Marijana No Comments

Council’s licencing scheme ‘unlawful’, landlords claim

Coventry City Council could be breaking the law through its new landlord licensing and accreditation scheme, a trade body has warned.

The authority introduced a free, voluntary Coventry Landlord Accreditation Scheme under its new mandatory licensing system this year, effective from April 1.

But the Residential Landlords Association, which represents private sector landlords, says it could be in breach of European law, although Coventry council has disputed the claim.

Under the scheme, private landlords accredited by the council are able to obtain a longer licence for houses of multiple occupation (HMO) than those who are not, while also gaining financial benefit from paying a cheaper licence fee.

But the only way for landlords to become accredited currently is to attend training courses in Coventry in person, which the RLA says discriminates against landlords who do not live locally.

Landlords must also pay the entire licence fee upfront even if an application is pending, which the RLA believes is unlawful as a 2018 court case ruled licence fees should be split in two parts – the first being an application fee, and the second being once the licence is granted.

David Smith, policy director for the RLA, said: “The RLA is deeply concerned at the serious legal questions that hang over the council’s licensing and accreditation scheme.

“We would strongly urge the council to review this unjust scheme.”

The association has written to the authority calling on it to review both the accreditation and licensing scheme as a matter of urgency.

Coventry council says it has not acted unlawfully, adding it is in the process of developing an online training programme to its accreditation scheme.

Tracy Miller, head of planning and regulation, said “There are three different types of licensing – mandatory, additional and selective.

“Mandatory Licensing is what we already do and we have introduced an Accredited Landlord Scheme for this current licensing system.

“The proposal is for that same scheme to be used for selective and additional should we as a council adopt such schemes.

“The Accreditation Scheme is free to all, however at the moment it requires attendance at a training event.

“It is recognised that not all landlords, agents etc are local and therefore we are developing an on-line training programme in order that we are fair and inclusive to all.

“Our Accreditation Scheme focuses on the issues relevant to Coventry, so it is a local scheme for local people. It is meant to be a proactive tool to reduce the amount of reactive enforcement and to professionalise the sector.

“We would never do anything unlawfully.”

By Tom Davis

Source: Coventry Telegraph

Marijana No Comments

Landlords body tells city council that its plans for licensing could break the law

A major local authority has been warned that its licensing scheme could be in breach of the law.

Coventry Council updated its mandatory licensing scheme for landlords to include an accreditation regime.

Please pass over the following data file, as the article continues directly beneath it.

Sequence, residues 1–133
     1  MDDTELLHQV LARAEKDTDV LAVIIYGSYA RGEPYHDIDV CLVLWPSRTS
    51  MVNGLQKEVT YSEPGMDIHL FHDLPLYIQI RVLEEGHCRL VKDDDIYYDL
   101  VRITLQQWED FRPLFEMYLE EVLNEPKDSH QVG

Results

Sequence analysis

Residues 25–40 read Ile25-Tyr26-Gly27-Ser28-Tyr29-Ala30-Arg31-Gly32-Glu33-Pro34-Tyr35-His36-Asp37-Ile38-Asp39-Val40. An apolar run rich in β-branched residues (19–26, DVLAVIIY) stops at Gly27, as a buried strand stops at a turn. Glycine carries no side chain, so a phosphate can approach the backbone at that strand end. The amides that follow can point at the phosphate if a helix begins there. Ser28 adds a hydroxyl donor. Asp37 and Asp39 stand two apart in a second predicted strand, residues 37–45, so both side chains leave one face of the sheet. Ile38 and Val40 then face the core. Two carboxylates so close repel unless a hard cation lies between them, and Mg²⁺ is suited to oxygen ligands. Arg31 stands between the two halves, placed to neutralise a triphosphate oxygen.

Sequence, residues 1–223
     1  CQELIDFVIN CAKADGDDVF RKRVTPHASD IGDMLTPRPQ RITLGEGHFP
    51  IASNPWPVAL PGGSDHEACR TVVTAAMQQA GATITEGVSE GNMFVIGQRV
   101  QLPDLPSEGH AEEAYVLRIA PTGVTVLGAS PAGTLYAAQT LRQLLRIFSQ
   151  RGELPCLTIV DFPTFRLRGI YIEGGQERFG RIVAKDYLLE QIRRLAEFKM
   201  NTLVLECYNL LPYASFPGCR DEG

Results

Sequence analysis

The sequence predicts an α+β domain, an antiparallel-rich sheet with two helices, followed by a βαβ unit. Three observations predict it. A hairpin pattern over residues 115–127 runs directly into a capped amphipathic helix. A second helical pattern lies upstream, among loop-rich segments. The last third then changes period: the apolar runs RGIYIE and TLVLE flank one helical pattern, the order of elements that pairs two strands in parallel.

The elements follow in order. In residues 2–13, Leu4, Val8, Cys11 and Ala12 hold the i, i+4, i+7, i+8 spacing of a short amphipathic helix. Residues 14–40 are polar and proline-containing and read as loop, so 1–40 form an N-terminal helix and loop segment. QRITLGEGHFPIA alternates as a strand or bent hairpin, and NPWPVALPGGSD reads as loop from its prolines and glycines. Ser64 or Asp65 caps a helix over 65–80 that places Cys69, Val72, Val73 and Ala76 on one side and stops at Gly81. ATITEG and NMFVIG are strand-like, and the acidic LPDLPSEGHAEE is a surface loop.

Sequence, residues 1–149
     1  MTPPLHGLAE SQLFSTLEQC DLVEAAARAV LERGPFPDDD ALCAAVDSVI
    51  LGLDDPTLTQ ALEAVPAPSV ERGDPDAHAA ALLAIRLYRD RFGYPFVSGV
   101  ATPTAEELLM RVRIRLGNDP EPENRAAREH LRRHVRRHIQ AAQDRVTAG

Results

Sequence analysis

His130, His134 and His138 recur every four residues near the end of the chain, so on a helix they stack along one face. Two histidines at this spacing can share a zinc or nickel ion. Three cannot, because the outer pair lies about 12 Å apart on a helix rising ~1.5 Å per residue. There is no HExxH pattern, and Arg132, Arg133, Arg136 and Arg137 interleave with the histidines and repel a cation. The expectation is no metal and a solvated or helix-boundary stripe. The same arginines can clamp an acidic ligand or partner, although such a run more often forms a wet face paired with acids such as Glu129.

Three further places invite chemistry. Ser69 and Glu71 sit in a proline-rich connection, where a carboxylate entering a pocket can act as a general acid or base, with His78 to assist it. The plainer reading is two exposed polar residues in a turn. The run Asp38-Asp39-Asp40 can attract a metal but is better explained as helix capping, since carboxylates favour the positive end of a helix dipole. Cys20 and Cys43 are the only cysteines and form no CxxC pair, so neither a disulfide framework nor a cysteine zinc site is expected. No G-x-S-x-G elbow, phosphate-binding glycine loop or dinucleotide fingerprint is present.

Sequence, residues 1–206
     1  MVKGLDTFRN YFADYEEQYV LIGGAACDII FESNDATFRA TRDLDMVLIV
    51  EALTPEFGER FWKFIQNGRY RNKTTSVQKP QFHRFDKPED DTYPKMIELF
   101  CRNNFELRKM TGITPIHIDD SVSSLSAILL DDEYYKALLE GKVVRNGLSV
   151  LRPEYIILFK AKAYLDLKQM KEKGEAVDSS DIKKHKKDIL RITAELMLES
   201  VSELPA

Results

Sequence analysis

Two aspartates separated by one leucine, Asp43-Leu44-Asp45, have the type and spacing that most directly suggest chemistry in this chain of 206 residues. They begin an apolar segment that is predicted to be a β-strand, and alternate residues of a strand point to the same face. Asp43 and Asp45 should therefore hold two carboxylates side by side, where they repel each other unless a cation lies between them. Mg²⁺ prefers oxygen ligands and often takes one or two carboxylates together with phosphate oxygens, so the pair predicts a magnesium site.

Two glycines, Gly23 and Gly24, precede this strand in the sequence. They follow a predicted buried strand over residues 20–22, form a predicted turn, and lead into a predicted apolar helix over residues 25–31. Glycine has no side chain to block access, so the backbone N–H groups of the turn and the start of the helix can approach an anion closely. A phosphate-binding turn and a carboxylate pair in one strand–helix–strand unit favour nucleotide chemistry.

Private landlords who are accredited can obtain longer HMO licences than those who are not.

The Residential Landlords Association has told the council it thinks this is unlawful because the only way for landlords to become accredited is to attend training courses in person.

The RLA argues that this discriminates against landlords who do not live close to their property in Coventry.

In a letter to the council, the RLA argues that this is unfair and unlawful because longer HMO licences offer a financial and practical benefit for landlords, yet only landlords who are members of the council’s accreditation scheme will benefit from being able to obtain a five-year HMO licence.

The RLA earlier wrote to the council raising concerns over the proposed fee structure in its additional and selective licensing consultation.

The RLA now has similar concerns about the mandatory HMO licensing fee structure.

As part of the scheme, landlords must pay the entire licence fee upfront, even if a licensing application is still pending.

The RLA considers this to be unlawful, given that a court case in 2018 ruled that licence fees should be split into two parts, the first part being an application fee and the second part being payable once the licence has been granted.

The RLA is now calling for the authority to review both the accreditation and licensing scheme as a matter of urgency.

David Smith, policy director for the RLA, said: “The RLA is deeply concerned at the serious legal questions that hang over the council’s licensing and accreditation scheme.

“We would strongly urge the council to review this unjust scheme.”

In May, the RLA wrote to Oxford City Council raising concerns that the council’s accreditation scheme breached EU law because landlords could only become accredited if they attended training courses in person.

Since then, the RLA and Oxford City Council have worked together to amend the accreditation scheme.

By ROSALIND RENSHAW

Source: Property Industry Eye